Naturally, all of this assumes that you have the low speed mixture adjusted correctly to begin with.

HOT PLUGS
So what is a 'hot' plug, and how does it differ from a 'cold' plug?

Naturally, a hot plug will heat up faster and stay hotter, but that's not the whole story. When discussing this aspect of glow plugs, another very important aspect must be considered, the amount methanol in the fuel. The more methanol we're using (i.e., less oil and less nitro), the hotter the plug we should use. Conversely, the more nitro and/or oil we use, the less methanol we're using, so we use a cool(er) plug. An extreme example would be when using a very high nitro content fuel in a very high RPM engine (a typical ducted fan engine, for example). Here we'd use a very cold plug. For most sport pilots using fuel with just 5-15% nitro, however, a hotter plug would probably do well.

Probably? Yes, trial and error is often the best (and sometimes 'only') way to determine the right glow plug for your application. Most 4C engines need either high nitro or hot plugs to run at their best, since they have combustion strokes only half as often as 2C engines.

RULES OF THUMB TO LIVE BY
Use a hot plug with low nitro (less than 24%), and a cold plug with high nitro (more than 25%).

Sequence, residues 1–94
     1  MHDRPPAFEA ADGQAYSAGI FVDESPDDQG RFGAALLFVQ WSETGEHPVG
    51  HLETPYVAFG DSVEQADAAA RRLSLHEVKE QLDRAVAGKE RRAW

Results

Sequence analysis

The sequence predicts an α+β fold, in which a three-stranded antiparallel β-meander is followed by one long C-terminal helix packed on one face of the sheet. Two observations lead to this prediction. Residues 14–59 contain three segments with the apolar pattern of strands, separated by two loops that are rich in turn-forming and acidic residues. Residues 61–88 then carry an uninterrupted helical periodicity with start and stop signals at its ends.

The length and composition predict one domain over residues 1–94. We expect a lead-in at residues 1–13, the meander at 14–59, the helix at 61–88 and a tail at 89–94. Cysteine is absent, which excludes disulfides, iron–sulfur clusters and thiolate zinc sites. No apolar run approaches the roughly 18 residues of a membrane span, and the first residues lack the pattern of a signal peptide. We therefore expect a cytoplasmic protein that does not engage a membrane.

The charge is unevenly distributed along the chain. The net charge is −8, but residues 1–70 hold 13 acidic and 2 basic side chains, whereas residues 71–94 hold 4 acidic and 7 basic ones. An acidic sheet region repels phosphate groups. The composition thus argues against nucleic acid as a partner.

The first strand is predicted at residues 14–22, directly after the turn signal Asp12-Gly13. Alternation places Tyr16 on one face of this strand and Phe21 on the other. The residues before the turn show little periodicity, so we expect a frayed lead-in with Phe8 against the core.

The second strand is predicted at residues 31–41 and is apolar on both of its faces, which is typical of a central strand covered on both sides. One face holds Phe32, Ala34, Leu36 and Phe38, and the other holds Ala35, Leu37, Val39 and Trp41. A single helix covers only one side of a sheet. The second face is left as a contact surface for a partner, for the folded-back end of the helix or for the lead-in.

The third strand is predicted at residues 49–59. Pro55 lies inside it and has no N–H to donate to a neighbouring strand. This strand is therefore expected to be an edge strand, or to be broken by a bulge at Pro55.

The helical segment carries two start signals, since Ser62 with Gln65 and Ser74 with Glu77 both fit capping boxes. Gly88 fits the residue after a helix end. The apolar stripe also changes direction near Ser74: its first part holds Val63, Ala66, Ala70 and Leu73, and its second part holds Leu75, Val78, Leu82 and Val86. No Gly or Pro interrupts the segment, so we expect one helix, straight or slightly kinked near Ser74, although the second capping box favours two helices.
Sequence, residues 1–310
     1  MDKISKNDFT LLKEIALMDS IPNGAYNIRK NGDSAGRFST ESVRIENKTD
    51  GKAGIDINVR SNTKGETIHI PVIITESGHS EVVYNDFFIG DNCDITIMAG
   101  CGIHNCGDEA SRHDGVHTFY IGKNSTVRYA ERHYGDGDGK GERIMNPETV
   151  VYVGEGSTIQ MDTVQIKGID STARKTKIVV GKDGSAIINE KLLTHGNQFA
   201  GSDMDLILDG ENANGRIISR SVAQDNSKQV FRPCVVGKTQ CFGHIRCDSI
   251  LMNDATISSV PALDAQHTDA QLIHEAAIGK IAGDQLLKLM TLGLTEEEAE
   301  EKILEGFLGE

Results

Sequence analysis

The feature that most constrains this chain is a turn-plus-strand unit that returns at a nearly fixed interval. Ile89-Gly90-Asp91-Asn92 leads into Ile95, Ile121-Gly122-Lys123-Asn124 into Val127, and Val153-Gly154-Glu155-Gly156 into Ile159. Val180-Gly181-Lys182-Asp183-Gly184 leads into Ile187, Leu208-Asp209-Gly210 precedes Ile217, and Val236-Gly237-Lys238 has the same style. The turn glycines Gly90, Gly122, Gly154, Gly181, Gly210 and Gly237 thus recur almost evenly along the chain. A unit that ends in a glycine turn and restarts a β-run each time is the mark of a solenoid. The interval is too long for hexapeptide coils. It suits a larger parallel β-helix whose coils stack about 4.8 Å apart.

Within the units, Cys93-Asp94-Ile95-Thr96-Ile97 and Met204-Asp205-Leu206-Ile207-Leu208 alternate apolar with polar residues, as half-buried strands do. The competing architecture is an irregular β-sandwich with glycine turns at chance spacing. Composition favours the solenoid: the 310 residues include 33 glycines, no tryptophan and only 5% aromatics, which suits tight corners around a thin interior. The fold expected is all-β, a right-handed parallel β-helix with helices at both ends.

If you remove the glow starter from you idling engine, and notice an immediate drop in RPM, you may need a hotter plug or more nitro.
If your engine has a tendency to backfire a lot, you may be using a glow plug that's too hot, or you may need fuel with less nitro.
Most hot plugs can take up to 2.0 volts starting power without burning up, while most cold plugs prefer 1.2 to 1.5 volts starting power.


http://www.scootworks.com/rdrc/gloplugs.html

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Old 01-19-2009, 03:25 PM
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Default RE: A good guide for selecting the correct Glow Plug...

You could have saved your fingers from all that typing.

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Old 01-19-2009, 03:31 PM
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Default RE: A good guide for selecting the correct Glow Plug...

As far as OS plugs go, those two posts do not agree
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Old 01-19-2009, 04:00 PM
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Default RE: A good guide for selecting the correct Glow Plug...

Thanks for the reply. Like yours better. Anyway I just cut and past most of the time, I'm just a two finger plucker...



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Old 01-19-2009, 04:14 PM
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Default RE: A good guide for selecting the correct Glow Plug...

I had seen the plug chart before and was delighted to see it.

Being familiar with the longer OS pulgs I was puzzled to see how the guy had some categorized

But the chart is still useful for other brands of plugs if you compare them with the genuine OS wheel

Glow plug heat ranges are a mysterious thing to must of us. We usually learn our little realm but the other brands we do not know about.

On brand's "HOT" plug may not be as hot as another brand's "HOT" plug

What is a hot plug?
What makes a coild plug?





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Old 01-19-2009, 04:47 PM
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Default RE: A good guide for selecting the correct Glow Plug...